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Forks, Portland, Lyon - France, Paris - France, Portland and ending up in Bellingham.... the adventures of my life!

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Saturday, March 26, 2011

Advice: At the Hair Salon

I have had the most incredibly busy week here on France side- while I had my mid-terms in my CIEF classes (worth 50% of the grade), Baby-Speaking work to do and my 8 students, I barely had time to breathe, eat or rest.  Yesterday afternoon marked the end of the week and by 7pm I was ready to relax over a lovely dinner at Chabert et Fils

If you have ever been to any of the Chabert restaurants- this is the original.  As a fair warning the food is incredily heavy in quantity and fat... aka by the end of the night we all had horrible stomach aches... but the tartare of Salmon, the 'Lyonnais quenelle' and the finish of the 'Baba au Rhum' was a delight and definitely a nice way to top a long week.

I've been thinking seriously lately about getting my hair cut and I wanted to give a run down on some lingo for those, like myself, afraid to hop into a French hair salon.

First off, the basics:
-Une/un coiffeur: Hair stylist
-Salon ou chez le coiffure:  Hair salon

There are many great salons located in Lyon, price doesn't necessarily mean quality or rapport of happy clients... so the best thing to do is to surf a bit.  From my findings here's some good salons in Lyon Centre:
  • Apartment 1616 rue des Archers, more expensive salon ($$$), gets an average of 4/5 stars on Yelp.
  •  Orlando Coiffure/Barbier4 quai Fulchiron, less expensive than Apartment 16, and uses scissors to cut hair contrary to the typical use of a razor.
  • Lounge Cut16 pl. du Mal Lyautey,  the thing I remarked about the rating was first off: 10% reduction with 'montrer d'un Petit Paumé'.  10% off of a hair cut is a pretty good deal... second it's about 39 bucks for a normal shampoo+cut+massage+style and only 50 bucks for a shampoo+cut+massage+oil treatment+style... not too shabby!

Now, time for some vocabulary first some basic terms to keep your eye open for:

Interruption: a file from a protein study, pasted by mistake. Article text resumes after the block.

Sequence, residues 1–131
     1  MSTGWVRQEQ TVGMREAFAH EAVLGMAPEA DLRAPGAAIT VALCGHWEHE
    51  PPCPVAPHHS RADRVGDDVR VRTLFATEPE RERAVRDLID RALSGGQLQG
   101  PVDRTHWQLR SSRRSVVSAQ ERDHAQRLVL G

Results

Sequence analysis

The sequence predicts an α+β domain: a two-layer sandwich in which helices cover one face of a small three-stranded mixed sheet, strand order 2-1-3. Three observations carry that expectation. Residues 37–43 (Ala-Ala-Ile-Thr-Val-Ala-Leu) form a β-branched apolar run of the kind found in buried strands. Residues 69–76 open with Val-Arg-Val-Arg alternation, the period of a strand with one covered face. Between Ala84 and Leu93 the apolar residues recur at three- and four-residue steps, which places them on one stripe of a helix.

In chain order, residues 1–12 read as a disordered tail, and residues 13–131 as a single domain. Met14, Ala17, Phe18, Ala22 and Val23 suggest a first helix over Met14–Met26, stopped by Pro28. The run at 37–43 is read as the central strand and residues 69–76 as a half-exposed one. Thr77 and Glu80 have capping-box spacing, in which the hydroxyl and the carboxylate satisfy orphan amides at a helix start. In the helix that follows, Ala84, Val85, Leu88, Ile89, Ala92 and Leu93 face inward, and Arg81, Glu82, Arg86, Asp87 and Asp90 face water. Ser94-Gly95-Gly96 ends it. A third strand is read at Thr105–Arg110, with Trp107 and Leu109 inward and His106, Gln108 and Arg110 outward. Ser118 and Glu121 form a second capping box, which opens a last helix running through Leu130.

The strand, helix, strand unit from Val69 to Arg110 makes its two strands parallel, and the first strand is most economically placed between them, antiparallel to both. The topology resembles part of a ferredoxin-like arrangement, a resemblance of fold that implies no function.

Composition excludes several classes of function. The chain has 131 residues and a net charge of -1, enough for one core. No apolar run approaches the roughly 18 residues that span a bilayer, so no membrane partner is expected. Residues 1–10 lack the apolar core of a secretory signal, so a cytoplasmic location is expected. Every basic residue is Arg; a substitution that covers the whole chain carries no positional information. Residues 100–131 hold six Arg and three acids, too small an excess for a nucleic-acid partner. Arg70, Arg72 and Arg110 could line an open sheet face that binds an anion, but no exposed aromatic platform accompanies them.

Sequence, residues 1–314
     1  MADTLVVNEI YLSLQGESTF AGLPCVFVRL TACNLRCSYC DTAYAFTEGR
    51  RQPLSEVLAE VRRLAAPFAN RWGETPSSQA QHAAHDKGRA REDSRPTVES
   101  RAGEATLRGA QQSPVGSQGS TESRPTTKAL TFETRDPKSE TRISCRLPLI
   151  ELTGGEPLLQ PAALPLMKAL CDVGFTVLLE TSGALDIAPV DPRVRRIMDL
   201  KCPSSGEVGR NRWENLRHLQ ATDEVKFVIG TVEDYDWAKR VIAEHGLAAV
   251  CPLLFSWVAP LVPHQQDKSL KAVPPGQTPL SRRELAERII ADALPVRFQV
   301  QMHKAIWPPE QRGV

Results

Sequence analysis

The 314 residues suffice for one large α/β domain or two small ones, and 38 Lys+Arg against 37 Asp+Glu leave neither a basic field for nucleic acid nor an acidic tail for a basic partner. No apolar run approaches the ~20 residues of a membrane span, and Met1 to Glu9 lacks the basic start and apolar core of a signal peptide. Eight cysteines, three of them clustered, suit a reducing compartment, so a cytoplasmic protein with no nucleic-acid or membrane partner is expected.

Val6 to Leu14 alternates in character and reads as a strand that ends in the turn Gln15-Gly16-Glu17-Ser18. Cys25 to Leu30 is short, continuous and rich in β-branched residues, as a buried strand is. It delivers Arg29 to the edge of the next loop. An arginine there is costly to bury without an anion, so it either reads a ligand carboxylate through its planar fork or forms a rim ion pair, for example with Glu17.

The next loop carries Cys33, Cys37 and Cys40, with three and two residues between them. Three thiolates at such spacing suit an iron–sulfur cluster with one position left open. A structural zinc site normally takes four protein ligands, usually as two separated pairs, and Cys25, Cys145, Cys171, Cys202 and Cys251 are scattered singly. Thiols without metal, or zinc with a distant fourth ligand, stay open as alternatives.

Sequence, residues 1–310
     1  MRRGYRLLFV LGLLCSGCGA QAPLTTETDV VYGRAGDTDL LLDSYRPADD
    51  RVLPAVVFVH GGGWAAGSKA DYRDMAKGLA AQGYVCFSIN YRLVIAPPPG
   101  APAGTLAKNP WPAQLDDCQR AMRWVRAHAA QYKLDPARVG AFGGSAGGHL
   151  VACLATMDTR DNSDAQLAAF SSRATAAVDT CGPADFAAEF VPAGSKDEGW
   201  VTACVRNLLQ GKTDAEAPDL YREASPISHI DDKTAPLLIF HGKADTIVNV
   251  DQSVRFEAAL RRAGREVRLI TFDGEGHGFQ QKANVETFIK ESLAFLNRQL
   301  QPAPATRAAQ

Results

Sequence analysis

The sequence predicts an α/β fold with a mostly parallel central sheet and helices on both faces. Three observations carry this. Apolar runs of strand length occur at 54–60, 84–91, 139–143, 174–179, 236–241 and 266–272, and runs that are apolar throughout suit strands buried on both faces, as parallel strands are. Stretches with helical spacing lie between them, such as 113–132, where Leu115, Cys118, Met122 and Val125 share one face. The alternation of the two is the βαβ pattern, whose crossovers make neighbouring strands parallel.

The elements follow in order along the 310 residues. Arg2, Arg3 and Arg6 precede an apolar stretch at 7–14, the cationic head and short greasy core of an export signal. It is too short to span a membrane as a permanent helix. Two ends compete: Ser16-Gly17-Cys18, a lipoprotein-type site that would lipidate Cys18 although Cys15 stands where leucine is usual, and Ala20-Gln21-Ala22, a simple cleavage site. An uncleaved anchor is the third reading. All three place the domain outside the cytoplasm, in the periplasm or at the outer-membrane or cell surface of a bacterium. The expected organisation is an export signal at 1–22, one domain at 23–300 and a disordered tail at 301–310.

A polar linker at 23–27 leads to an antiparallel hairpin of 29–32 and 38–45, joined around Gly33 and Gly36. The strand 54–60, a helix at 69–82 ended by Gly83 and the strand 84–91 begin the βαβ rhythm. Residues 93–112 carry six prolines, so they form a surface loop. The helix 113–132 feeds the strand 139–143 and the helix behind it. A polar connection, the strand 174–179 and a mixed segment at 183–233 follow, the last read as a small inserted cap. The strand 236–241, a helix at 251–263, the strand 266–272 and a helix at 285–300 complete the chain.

Haircut: une coupe
Shampoo: le shampooing
Coloring: les couleurs
highlights: les mèches ou le bayalage (Weaving)
Set or styling: la mise en pli
Perm: la permanente
Haircare and treatments: les soins et traitements
A blow-dry or straightening: le brushing ou le lisse

Next, some more specific terminology you might here while in the chair:
your hair: vos cheveux (always masculine, plural)

Your type of hair:

fine: fins
thick: épais
oily: gras
dry: secs
mixed: mixtes
normal: normaux
curly: bouclés
frizzy: frisés
smooth: lisses
damaged: abîmés
dyed: colorés
permed: permanentés
dandruff: pellicules
cowlick: un épi

How you would like it, or you wear it: 
short or long: la coupe courte ou longue
layered: en dégradé crew cut: coupe en brosse 
blunt cut: au carré 
clean cut/well-defined: bien dégagée
asymmetrical: asymétrique
square tapered: style carré effilélayered on top: dégradé sur le dessus
short, layered look: une coupe courte tout en dégradéshort 'windblown' layered look: dégradé déstructuré
'just out of bed' look: indiscipliné

Some questions or comments to ask or tell the hair stylist:

  • I cut this out of a magazine. Do you think it would suit me? J’ai découpé ça dans un magazine. Vous pensez que ça m’irait ?

  • I’ve come to have the color touched up. Je viens pour me refaire ma couleur.

  • I just want the roots redone. Je veux seulement une coloration des racines.

  • I haven’t made up my mind about the color – a permanent or semi-permanent color. J’hésite pour la couleur – une couleur permanente ou une simple coloration.

  • Can you give me highlights? Vous pouvez me faire des mèches?

  • Is that possible with my hair type?  C’est possible avec mon type de cheveux ?
  • Would you prefer it to dry naturally or shall I blow-dry it? Préférez-vous un séchage naturel ou un brushing ? 
  • It’s too puffed up. Could you flatten it down a bit?  C’est trop gonflé, vous pouvez aplatir un peu ?

Just remember when getting your hair styled the following rules, and it won't end in tears, chopped up hair or you regretting ever moving to France.
  1. Study the vocabulary before going, be prepared to use the words that you need or even print them up beforehand.
  2. Bring several photos from magazines or internet from different angles to express even clearer.
  3. Be patient and don't be afraid to say, 'je n'ai pas compris'.
Over-all, bonne chance!


1 comment:

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